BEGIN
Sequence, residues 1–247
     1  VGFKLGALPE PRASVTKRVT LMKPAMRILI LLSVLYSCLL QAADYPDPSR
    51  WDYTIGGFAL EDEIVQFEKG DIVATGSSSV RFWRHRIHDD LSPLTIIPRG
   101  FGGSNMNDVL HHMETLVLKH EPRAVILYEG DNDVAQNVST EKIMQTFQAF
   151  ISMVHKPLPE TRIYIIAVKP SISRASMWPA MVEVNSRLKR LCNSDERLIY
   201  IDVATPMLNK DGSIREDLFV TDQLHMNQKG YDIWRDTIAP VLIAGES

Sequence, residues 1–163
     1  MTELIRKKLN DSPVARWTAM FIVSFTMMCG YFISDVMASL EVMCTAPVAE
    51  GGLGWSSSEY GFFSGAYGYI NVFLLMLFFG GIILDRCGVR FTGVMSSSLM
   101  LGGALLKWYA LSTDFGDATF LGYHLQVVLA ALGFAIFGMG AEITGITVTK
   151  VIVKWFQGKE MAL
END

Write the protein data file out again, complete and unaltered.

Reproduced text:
Sequence, residues 1–247
     1  VGFKLGALPE PRASVTKRVT LMKPAMRILI LLSVLYSCLL QAADYPDPSR
    51  WDYTIGGFAL EDEIVQFEKG DIVATGSSSV RFWRHRIHDD LSPLTIIPRG
   101  FGGSNMNDVL HHMETLVLKH EPRAVILYEG DNDVAQNVST EKIMQTFQAF
   151  ISMVHKPLPE TRIYIIAVKP SISRASMWPA MVEVNSRLKR LCNSDERLIY
   201  IDVATPMLNK DGSIREDLFV TDQLHMNQKG YDIWRDTIAP VLIAGES

Sequence, residues 1–163
     1  MTELIRKKLN DSPVARWTAM FIVSFTMMCG YFISDVMASL EVMCTAPVAE
    51  GGLGWSSSEY GFFSGAYGYI NVFLLMLFFG GIILDRCGVR FTGVMSSSLM
   101  LGGALLKWYA LSTDFGDATF LGYHLQVVLA ALGFAIFGMG AEITGITVTK
   151  VIVKWFQGKE MAL